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Idaho Fight: Redskin Truth vs. Get Out The Vote Yellow Journalism

Teton Redskins and Yellow Journalism 

 A Warning to Idaho High School Reporters 

National Congress of American Indians Leaders Shown at "Change The Mascot" Get Out The Vote Event


As a one-time high school reporter I learned to follow a set of three professional writing standards: 

1) Reporters do not take public stands or become the news; 

2) Journalists follow facts no matter where they lead; 

3) Balanced work leads to well-informed people.

With these maxims in mind, I felt the need to examine the claims and assertions made in the Washington Post story describing that your Teton High School reporters and staff changed their long-standing name The War Cry “over concerns that the name was disrespectful to Native Americans”. Such a bold assertion left me curious on many fronts as the Post - oddly - doubled back on the claim and admitted that the staff actually found the name The War Cry as “fine”… so why did the student “journalists” change it?

Well, just below the motto “Democracy Dies in Darkness”, the Post cited an unsigned staff editorial reasoned The War Cry meaning actually changes from “fine” to ‘toxic’ when “…placed within the context of our school mascot” … and culminating in the claiming that Redskins, “…has been long acknowledged as a racial slur.”

Besides shattering the “Reporters do not take public stands or become the news” standard, one wonders if the adult adviser researched, produced and then disproved a Redskins “Null Hypothesis” – that the name is objective and has a proud history – before sacrificing War Cry to a college-application-enhancing cause célèbre just weeks ahead of a crucial community debate?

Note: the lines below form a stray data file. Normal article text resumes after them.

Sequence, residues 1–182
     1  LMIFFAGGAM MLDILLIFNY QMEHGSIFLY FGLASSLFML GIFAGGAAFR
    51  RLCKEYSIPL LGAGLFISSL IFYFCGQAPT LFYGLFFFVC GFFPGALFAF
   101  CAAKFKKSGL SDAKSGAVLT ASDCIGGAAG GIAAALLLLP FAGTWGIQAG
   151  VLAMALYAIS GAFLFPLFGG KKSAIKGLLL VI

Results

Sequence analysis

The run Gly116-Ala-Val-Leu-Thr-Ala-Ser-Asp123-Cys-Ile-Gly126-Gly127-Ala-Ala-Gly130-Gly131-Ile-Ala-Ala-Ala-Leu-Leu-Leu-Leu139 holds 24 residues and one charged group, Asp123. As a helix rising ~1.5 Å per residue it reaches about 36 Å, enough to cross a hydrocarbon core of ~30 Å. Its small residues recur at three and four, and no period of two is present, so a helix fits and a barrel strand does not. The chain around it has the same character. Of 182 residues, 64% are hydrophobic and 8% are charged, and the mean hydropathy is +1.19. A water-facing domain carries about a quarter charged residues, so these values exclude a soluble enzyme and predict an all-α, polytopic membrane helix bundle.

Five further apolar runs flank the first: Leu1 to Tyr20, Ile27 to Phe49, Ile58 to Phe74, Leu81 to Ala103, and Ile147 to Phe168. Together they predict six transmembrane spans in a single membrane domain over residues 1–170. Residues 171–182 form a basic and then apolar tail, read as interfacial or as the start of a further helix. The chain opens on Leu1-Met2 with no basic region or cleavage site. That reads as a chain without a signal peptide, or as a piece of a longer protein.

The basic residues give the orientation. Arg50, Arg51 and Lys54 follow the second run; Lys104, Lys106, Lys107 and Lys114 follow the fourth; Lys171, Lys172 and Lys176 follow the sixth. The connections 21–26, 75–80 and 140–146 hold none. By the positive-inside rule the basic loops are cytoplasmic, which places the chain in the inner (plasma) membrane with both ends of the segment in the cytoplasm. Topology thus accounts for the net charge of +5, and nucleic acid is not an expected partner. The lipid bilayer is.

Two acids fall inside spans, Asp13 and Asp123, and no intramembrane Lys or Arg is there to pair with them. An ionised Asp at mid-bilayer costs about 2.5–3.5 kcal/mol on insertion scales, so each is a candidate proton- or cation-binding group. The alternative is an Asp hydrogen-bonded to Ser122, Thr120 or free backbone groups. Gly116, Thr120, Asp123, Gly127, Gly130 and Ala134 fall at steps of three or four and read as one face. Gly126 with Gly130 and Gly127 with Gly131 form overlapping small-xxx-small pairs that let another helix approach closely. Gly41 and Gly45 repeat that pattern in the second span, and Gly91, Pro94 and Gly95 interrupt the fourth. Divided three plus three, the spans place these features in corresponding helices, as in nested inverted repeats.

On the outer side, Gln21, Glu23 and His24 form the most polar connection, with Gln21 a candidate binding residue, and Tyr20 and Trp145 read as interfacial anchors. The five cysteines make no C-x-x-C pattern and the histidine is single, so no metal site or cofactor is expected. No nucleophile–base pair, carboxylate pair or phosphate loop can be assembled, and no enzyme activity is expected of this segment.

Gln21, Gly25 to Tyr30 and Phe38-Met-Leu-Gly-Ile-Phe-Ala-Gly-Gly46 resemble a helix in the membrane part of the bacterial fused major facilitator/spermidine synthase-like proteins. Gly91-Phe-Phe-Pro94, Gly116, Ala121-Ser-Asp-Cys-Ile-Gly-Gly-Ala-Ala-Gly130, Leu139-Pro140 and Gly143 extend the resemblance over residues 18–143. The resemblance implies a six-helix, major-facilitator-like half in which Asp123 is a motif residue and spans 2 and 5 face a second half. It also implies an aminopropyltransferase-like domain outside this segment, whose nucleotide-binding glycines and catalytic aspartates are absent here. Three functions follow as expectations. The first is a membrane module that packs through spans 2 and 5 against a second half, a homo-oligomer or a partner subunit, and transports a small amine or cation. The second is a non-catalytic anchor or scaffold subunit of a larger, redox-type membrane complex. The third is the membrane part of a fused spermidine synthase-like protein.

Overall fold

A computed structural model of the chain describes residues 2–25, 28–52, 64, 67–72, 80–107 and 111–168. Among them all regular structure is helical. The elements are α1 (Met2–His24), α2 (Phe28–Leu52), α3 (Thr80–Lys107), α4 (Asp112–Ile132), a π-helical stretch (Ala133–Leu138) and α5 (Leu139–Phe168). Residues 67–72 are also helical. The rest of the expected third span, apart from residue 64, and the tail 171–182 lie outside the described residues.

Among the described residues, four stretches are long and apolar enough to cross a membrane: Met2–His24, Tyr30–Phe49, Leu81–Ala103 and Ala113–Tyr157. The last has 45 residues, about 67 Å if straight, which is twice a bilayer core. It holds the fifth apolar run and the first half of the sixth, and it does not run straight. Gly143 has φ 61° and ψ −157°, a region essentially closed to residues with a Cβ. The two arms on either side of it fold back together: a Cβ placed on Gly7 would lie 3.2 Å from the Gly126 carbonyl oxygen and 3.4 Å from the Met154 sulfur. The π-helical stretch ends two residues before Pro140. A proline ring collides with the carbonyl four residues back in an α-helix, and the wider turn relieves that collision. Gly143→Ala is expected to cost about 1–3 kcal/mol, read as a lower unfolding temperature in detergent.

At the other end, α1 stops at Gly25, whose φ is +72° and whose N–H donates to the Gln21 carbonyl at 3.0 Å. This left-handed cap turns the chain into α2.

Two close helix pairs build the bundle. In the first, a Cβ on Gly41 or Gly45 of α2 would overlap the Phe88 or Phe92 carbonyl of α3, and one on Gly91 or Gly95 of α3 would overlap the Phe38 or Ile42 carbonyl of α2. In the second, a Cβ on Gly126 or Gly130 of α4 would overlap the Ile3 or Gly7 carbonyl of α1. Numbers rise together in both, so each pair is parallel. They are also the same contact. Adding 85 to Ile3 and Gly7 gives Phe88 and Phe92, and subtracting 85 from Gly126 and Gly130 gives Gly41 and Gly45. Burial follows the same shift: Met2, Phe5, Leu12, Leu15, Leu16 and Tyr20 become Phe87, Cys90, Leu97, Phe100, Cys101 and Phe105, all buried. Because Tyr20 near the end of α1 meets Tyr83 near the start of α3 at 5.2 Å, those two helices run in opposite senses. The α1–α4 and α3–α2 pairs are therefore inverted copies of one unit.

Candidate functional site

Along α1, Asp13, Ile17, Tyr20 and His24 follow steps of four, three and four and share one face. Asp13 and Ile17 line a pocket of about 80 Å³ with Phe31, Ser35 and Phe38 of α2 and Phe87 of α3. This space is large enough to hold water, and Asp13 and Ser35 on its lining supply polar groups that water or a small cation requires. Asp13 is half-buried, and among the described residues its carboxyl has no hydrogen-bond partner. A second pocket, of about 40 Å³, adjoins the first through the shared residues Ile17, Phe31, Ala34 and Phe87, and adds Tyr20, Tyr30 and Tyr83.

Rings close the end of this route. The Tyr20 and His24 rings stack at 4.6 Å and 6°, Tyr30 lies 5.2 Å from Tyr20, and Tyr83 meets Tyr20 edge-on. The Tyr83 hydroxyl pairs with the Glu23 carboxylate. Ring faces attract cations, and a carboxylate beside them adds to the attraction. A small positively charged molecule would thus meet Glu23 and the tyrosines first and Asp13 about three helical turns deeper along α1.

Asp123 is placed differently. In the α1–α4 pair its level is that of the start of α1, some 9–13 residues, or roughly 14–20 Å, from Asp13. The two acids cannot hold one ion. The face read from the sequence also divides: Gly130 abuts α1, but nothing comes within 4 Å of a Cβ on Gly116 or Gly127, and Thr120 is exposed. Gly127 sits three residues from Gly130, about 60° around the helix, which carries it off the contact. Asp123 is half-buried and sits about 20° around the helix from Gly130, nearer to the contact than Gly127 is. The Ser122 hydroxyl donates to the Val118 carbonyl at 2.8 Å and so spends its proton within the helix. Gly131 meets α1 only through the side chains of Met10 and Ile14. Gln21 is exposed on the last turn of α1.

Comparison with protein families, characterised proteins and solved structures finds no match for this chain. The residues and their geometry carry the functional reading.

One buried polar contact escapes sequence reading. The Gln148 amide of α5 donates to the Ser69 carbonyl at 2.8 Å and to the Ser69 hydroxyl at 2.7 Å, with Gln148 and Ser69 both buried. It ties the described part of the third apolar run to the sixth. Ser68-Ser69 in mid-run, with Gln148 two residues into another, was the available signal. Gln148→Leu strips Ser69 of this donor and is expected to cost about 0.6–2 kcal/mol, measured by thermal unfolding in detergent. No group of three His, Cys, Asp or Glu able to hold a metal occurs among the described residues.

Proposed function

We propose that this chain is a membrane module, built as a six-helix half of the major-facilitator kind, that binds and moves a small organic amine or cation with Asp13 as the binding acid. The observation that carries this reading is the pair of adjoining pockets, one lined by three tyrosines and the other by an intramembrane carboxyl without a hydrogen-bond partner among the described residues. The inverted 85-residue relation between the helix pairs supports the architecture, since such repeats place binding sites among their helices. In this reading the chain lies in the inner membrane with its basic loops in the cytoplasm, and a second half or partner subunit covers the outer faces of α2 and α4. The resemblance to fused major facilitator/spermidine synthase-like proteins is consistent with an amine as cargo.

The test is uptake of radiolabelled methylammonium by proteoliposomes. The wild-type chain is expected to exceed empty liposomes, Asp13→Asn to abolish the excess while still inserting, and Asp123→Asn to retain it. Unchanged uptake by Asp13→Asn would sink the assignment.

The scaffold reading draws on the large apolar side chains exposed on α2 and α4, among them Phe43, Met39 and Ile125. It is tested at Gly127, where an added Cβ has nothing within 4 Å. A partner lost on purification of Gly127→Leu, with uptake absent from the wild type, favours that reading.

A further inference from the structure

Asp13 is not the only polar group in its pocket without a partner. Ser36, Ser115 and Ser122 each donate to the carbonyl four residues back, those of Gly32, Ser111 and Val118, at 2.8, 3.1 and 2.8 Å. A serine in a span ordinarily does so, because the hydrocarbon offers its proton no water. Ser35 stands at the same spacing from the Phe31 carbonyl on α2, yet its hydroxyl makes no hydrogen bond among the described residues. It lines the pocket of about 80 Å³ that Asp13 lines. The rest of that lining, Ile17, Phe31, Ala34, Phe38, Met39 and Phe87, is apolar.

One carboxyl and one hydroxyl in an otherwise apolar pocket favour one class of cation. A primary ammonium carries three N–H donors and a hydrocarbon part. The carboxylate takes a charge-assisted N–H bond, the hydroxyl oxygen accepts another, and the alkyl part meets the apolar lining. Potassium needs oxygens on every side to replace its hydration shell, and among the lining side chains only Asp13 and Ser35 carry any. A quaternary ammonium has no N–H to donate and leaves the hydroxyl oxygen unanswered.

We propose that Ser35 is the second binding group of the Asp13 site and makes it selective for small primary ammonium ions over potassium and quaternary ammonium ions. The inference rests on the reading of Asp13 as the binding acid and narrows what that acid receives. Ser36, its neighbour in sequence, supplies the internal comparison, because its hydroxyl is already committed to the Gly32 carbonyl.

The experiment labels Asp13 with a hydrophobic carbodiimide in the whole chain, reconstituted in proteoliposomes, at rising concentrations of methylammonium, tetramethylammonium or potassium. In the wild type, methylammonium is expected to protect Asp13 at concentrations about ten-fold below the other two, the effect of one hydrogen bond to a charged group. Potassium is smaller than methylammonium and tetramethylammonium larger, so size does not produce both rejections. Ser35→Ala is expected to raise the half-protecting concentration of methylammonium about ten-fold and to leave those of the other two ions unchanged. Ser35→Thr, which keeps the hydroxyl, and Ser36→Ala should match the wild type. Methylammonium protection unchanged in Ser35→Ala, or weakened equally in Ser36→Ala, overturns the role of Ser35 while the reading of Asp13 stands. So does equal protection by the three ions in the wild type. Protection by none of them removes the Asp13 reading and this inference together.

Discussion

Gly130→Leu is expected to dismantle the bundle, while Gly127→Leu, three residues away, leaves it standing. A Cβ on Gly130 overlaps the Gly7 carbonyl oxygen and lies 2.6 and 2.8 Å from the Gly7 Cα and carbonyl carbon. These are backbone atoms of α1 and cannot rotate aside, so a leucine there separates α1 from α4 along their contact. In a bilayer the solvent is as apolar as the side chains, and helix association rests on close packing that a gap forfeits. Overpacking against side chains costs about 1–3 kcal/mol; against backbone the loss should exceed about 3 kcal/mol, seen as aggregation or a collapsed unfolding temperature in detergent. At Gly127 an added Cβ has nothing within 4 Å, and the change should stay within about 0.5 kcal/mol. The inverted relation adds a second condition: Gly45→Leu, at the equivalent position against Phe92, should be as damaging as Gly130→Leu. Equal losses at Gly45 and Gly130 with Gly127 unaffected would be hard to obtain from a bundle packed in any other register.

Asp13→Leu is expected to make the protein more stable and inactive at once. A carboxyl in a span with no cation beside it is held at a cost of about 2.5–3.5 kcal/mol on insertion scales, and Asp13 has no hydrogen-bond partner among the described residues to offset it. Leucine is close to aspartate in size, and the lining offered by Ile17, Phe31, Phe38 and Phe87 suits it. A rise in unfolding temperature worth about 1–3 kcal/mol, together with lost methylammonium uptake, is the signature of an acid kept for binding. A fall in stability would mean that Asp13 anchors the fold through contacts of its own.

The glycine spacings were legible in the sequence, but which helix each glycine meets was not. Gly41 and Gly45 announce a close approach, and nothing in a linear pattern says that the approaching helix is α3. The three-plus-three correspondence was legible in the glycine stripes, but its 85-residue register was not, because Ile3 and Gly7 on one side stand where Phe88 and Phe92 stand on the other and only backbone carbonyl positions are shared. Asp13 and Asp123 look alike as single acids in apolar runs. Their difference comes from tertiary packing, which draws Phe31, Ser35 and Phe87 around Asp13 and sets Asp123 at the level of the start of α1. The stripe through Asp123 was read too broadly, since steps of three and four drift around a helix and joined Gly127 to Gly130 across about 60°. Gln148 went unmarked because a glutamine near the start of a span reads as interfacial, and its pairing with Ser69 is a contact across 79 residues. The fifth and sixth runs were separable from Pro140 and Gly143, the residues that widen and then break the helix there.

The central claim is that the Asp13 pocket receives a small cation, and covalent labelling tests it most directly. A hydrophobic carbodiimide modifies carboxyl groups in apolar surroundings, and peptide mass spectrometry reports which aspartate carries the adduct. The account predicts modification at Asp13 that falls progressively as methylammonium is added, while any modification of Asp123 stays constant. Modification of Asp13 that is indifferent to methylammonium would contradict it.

Moreover if the staff really feels their school name “…has been long acknowledged as a racial slur” why did those who managed a paper wait until the Presidential campaign season to finally act? And how did a tiny Idaho school gain the attention and an amazingly well-timed national article out of D.C.? Perhaps, like renaming the paper, it was all timed to influence a sleepy town’s opinion just ahead of a crucial community meeting?

Answers to these occurrences were found in an investigation conducted at another native-themed school. The story starts with a New York Times analysis using Center for American Progress’ (CAP) assertion – an organization directed by the DNC’s John Podesta - that the Democratic Party needed to jettison their white “working class” voters and replace them with low-income or “down-scale” minority voters in order win back power. To fulfill this goal, CAP is attempting to “empower” 4.7 million Indian voters by - in part - leading in an attack of hundreds of native-themed public schools in the run up to the 2020 Presidential election.

And while those behind this insidious strategy have been thwarted at many schools by passionate volunteers and civil rights groups such as the Native American Guardian’s Association, they have managed to take many expensive scalps where an average name change costs anywhere between $300-to-$700,000. 

Worse yet, these CAP-led victories are essentially socializing the costs and privatizing the gains of one Party’s campaign on the backs of taxpayers who have consistently been 70-to-87% against name changes yet are forced to do so by uninformed – or worse yet – activist school board members.